With the days getting shorter and colder, many people will experience seasonal affective disorder, or SAD. SAD is a form of depression caused by the change of seasons. People who have struggled with depression or bipolar disorder are particularly vulnerable. Symptoms of SAD include feeling depressed most of the time, having little energy or motivation, losing interest in things you usually enjoy, gaining or losing weight, having trouble sleeping or sleeping too much, sluggishness, irritability, difficulty concentrating, feeling hopeless or worthless, and thoughts of death or suicide. Fall and winter SAD typically results in sleeping too much, eating too much, especially carbs, and having little energy. SAD is thought to be caused by a disruption in the body’s circadian rhythm. The circadian rhythm, which orchestrates the release of different hormones and neurotransmitters, depends largely on sunlight. The sun comes up and you get a little burst of cortisol that helps wake you up. The sun goes down and your brain starts releasing melatonin to help you sleep. When you wake up in the dark, go to work, then go home in the dark, your circadian rhythm gets disrupted. You feel like you always went to bed too late and got up too early. The farther north you live, the worse this effect is likely to be. This is especially problematic for people with bipolar disorder, who are very sensitive to disruptions in circadian rhythms. Having relatively little sunlight is also a contributing factor. We get most of our vitamin D from exposure to the sun. Vitamin D deficiency has been linked to a number of conditions, including depression, multiple sclerosis, heart disease, and impaired immunity. Too little sunlight might also contribute to a drop in serotonin, the neurotransmitter associated with a feeling of wellbeing. Finally, too little sunlight can keep you from getting enough exercise. No one wants to go for a walk when it’s cold and dark outside. Therefore, you lose the mood-lifting benefits of exercise and fresh air as well as the health benefits from exposure to sunlight. It’s normal to feel a bit down in the winter months, but if you feel depressed most of the time, and especially if you’re having thoughts of death or suicide, it’s time to see a doctor. The last thing you want to do is self-medicate with drugs or alcohol. Your doctor can prescribe medication or possibly light therapy, or refer you to a qualified therapist.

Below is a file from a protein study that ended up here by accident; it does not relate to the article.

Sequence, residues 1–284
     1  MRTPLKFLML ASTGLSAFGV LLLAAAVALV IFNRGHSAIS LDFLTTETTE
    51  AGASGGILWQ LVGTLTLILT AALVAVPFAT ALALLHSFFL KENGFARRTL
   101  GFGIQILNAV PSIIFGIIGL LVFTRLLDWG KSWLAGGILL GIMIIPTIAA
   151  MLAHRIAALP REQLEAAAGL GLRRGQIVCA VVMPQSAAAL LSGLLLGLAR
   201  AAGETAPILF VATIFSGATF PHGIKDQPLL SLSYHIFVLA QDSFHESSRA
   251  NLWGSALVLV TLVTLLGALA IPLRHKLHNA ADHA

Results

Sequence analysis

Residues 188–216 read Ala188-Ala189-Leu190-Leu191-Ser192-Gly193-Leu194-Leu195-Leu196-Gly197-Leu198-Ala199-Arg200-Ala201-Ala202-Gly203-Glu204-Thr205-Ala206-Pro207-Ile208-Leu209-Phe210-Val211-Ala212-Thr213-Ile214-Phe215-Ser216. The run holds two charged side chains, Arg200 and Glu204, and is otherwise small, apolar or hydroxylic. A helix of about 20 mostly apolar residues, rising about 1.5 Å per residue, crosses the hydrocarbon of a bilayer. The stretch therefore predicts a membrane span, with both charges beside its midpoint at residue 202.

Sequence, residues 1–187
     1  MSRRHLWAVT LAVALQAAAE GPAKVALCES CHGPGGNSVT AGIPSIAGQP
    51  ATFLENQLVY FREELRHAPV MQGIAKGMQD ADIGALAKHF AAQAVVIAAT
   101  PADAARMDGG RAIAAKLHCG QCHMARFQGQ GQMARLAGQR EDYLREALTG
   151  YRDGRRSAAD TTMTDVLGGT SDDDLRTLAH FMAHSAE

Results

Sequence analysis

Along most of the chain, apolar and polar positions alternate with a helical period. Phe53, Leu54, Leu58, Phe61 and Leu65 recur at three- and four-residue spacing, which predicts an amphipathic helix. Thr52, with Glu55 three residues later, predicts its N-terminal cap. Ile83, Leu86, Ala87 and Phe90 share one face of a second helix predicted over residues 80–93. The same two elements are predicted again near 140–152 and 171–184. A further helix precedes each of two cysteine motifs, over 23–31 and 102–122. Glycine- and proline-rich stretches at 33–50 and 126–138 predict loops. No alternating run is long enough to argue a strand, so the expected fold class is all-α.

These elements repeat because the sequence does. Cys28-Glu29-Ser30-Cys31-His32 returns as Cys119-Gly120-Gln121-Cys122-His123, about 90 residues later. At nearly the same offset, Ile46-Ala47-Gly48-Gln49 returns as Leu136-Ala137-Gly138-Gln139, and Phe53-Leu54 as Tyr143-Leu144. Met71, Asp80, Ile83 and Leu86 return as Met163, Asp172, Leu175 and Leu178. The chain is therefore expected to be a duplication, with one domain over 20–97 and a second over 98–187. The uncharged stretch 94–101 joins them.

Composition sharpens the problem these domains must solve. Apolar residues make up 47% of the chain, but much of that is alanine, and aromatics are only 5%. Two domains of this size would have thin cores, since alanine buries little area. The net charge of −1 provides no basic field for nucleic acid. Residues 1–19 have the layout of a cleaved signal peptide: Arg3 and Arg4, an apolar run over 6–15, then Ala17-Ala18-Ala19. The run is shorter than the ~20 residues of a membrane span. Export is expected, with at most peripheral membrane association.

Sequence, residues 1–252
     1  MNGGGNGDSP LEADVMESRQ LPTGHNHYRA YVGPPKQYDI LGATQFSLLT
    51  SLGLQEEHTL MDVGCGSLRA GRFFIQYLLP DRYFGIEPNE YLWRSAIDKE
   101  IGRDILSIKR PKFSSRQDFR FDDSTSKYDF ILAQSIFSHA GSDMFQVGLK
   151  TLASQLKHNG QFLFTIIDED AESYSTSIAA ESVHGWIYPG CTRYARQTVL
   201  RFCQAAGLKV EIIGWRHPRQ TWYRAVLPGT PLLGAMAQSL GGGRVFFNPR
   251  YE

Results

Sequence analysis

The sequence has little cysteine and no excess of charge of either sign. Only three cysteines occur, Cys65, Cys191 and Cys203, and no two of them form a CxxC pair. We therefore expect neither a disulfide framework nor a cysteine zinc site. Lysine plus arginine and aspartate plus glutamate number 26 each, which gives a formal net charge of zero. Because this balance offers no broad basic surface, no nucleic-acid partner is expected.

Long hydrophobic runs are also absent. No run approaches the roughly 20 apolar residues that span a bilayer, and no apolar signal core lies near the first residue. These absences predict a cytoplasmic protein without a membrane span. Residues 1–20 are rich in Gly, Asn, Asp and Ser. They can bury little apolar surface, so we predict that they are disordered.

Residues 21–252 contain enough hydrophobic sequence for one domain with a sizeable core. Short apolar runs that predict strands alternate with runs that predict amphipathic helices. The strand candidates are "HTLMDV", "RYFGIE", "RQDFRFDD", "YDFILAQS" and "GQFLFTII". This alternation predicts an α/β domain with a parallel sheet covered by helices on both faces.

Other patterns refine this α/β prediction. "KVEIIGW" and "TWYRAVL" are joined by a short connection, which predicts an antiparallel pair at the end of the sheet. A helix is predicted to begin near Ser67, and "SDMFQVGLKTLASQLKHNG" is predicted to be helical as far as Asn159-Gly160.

If you’re struggling with substance use, Recovery Ways can help. We offer intensive outpatient treatment as well as residential treatment. Recovery Ways is a premier drug and alcohol addiction treatment facility located in Salt Lake City, Utah. Our mission is to provide the most cost-effective, accessible substance abuse treatment to as many people as possible. Request information online or call us today at 1-888-986-7848.